Leslie Cheung, Anita Mui, Bruce Lee, Teresa Teng, Yao Beina among the stars Chinese communities the world over will be mourning as they mark the Ching Ming festival.
Ching Ming – the grave sweeping festival – is a time when Chinese people pay tribute to their ancestors and other loved ones they have lost.
The festival, which takes place each year on either April 4 or 5, is also a time when fans of singer-actor Leslie Cheung Kwok-wing remember his premature death on April 1, 2003. But Cheung is not the only Chinese star of stage and screen being mourned today. Somewhere in the world, families and fans will also be remembering the lives of others who met an untimely end:
Yao Beina (1981-2015)
The Chinese singer was best known for singing the Mandarin version of Let It Go from the Disney blockbuster Frozen, in addition to the theme song of the hit historical series Empresses In The Palace.
Yao died of breast cancer at the age of 33. She had made the decision to leave her body to medical science after her death, but in the end only her corneas were donated.
Anita Mui Yim-fong (1963-2003)
Nicknamed the Asian Madonna, the Hong Kong Canto-pop diva captivated music lovers with her sultry voice and dancing. Mui sold more than 100 million albums worldwide and received multiple awards. She was also active in charity work and pro-democracy campaigns. The singer and actress, who continued to perform as she battled cervical cancer, died at the age of 40.
Leslie Cheung (1956-2003)
One of the most beloved Hong Kong artists, the openly gay singer-actor pushed the boundaries of performance on both stage and screen. Cheung gained international fame for his portrayal of a homosexual opera star in the 1993 movie Farewell My Concubine.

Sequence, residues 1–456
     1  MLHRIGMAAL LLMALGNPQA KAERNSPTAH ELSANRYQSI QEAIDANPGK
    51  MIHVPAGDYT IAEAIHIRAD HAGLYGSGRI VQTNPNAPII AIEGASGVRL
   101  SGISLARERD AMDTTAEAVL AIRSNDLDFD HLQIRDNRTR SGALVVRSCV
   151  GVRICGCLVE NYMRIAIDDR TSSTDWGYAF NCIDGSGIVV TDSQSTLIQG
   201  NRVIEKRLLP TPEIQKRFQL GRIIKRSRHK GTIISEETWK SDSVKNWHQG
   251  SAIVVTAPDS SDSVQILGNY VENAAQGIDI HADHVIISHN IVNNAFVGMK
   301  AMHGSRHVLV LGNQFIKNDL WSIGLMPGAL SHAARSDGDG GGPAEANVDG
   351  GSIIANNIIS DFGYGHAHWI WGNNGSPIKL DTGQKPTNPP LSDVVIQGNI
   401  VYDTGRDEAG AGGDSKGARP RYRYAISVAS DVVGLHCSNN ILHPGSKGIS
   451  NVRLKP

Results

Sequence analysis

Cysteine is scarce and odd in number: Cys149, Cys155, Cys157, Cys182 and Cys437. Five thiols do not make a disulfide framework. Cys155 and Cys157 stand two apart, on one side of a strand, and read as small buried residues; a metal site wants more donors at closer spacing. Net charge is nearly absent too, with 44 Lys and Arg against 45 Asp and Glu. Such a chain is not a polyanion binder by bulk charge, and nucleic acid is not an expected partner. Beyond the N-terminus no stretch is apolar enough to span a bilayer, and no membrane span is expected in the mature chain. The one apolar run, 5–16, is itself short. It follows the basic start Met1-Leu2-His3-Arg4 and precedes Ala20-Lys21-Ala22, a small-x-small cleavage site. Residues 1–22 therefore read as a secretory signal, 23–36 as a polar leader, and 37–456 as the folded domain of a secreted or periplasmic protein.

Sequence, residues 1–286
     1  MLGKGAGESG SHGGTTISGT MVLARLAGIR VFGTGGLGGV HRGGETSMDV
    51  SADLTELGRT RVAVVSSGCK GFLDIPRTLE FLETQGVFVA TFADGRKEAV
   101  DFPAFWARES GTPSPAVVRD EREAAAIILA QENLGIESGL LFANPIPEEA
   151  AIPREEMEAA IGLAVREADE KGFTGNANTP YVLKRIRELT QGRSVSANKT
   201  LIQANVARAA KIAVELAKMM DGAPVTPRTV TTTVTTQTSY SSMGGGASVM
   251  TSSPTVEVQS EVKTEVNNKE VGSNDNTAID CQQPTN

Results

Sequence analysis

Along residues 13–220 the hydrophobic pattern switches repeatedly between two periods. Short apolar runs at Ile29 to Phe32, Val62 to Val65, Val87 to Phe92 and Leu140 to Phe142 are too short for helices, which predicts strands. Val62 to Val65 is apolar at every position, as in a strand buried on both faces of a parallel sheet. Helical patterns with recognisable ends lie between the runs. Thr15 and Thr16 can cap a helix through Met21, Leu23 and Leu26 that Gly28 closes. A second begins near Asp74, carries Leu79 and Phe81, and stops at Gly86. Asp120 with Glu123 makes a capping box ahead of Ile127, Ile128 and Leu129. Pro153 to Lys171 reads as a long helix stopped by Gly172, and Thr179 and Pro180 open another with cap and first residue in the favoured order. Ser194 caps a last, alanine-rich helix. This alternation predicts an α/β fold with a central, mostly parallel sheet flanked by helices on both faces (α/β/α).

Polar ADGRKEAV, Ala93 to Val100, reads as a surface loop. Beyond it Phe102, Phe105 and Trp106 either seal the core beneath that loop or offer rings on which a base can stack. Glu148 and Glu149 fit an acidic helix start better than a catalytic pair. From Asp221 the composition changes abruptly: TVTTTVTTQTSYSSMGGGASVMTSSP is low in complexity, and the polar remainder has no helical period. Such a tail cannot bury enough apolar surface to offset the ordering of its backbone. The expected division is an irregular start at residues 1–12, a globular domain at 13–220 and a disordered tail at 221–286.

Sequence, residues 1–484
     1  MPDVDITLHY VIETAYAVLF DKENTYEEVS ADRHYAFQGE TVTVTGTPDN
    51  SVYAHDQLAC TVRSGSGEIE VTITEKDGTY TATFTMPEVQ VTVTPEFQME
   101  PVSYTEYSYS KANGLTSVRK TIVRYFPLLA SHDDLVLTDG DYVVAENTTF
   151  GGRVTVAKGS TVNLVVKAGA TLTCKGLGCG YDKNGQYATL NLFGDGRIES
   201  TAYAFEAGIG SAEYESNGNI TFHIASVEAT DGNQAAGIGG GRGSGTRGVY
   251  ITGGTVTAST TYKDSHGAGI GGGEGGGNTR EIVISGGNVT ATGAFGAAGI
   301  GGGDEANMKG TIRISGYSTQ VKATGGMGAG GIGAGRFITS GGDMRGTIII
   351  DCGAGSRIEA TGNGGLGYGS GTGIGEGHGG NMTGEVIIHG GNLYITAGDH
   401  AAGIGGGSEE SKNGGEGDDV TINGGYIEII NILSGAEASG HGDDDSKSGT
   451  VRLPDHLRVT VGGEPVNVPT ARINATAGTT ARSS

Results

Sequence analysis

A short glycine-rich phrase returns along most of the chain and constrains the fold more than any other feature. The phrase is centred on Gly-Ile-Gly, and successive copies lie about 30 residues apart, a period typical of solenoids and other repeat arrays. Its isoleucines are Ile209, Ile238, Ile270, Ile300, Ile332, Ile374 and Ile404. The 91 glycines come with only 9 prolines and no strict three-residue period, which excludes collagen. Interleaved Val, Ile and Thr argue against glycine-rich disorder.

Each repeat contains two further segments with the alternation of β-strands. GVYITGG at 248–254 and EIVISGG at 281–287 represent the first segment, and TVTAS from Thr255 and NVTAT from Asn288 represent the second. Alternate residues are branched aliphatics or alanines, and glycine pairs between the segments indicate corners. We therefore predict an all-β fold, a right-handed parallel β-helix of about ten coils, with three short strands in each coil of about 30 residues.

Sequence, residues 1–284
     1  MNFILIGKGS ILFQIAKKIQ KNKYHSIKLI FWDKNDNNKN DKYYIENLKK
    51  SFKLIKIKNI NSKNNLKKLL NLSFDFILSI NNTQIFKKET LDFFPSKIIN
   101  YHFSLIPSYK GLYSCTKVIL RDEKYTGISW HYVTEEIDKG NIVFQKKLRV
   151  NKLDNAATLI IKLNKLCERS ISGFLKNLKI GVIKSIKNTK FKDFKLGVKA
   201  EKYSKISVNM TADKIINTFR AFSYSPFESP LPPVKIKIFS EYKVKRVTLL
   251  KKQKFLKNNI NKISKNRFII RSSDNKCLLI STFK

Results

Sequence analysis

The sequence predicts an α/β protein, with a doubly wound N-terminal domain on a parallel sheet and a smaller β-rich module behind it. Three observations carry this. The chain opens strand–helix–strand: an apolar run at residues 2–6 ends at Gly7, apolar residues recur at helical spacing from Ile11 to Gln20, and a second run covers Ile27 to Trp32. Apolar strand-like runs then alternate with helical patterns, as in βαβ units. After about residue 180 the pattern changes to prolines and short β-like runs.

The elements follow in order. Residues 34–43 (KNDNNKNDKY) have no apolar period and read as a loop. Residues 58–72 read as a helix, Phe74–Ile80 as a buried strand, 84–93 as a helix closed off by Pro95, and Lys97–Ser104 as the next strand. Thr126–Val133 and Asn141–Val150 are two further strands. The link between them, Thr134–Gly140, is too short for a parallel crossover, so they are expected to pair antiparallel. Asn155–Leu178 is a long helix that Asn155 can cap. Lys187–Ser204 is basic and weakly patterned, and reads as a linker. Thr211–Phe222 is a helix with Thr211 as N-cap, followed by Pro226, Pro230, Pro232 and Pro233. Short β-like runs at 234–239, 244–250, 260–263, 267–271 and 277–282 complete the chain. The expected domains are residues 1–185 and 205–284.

He committed suicide at the age of 46 by leaping from a balcony of the Mandarin Oriental Hong Kong hotel on April 1, 2003.
Chang Yu-sheng (1966-1997)
Although little known in the West, the Taiwanese singer and songwriter captured the hearts of many young people in Taiwan, Hong Kong and China in the late 1980s. His songs, including the hit My Future Is Not a Dream, carry inspiring and optimistic lyrics. Chang died at the age of 31 after he was fatally injured in a car accident in Taipei.
Teresa Teng (1953-1995)
The Taiwanese singer was so popular in the Chinese-speaking community that her sentimental love songs became political weapons in the 1980s. During a time of particularly fraught cross-strait tensions, the Kuomintang government in Taiwan broadcast her works to China along with anti-communist commercials. Beijing denounced the music as “spiritual pollution”. The beloved singer died suddenly in Thailand at the age of 42, reportedly due to an asthma attack. Her funeral in Taiwan was shown live on television.
Wong Ka-kui (1962-1993)
As the leader of rock hand Beyond, seen as Hong Kong’s equivalent to The Beatles, Wong produced a string of classics including Under a Vast Sky, which became an unofficial anthem of the city’s pro-democracy Occupy protests in 2014. Wong died at the age of 31 after he fell off a stage in a Tokyo television studio.
Danny Chan Bak-keung (1958-1993)